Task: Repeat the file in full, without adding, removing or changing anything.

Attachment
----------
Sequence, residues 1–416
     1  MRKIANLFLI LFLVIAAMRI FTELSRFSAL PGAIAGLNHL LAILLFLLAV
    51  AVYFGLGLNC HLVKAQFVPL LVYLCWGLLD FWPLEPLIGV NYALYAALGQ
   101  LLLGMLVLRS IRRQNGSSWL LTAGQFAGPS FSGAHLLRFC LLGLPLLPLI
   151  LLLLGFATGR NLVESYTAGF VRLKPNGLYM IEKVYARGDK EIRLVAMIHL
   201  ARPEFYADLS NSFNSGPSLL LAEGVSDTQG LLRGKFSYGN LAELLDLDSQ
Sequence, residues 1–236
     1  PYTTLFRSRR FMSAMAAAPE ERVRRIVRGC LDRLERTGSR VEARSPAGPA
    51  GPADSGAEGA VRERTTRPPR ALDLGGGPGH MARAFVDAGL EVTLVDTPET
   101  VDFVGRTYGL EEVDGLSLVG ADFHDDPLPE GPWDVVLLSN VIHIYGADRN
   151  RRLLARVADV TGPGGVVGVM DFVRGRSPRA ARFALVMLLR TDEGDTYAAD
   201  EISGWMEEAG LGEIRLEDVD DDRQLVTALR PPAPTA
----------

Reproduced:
Sequence, residues 1–416
     1  MRKIANLFLI LFLVIAAMRI FTELSRFSAL PGAIAGLNHL LAILLFLLAV
    51  AVYFGLGLNC HLVKAQFVPL LVYLCWGLLD FWPLEPLIGV NYALYAALGQ
   101  LLLGMLVLRS IRRQNGSSWL LTAGQFAGPS FSGAHLLRFC LLGLPLLPLI
   151  LLLLGFATGR NLVESYTAGF VRLKPNGLYM IEKVYARGDK EIRLVAMIHL
   201  ARPEFYADLS NSFNSGPSLL LAEGVSDTQG LLRGKFSYGN LAELLDLDSQ
Sequence, residues 1–236
     1  PYTTLFRSRR FMSAMAAAPE ERVRRIVRGC LDRLERTGSR VEARSPAGPA
    51  GPADSGAEGA VRERTTRPPR ALDLGGGPGH MARAFVDAGL EVTLVDTPET
   101  VDFVGRTYGL EEVDGLSLVG ADFHDDPLPE GPWDVVLLSN VIHIYGADRN
   151  RRLLARVADV TGPGGVVGVM DFVRGRSPRA ARFALVMLLR TDEGDTYAAD
   201  EISGWMEEAG LGEIRLEDVD DDRQLVTALR PPAPTA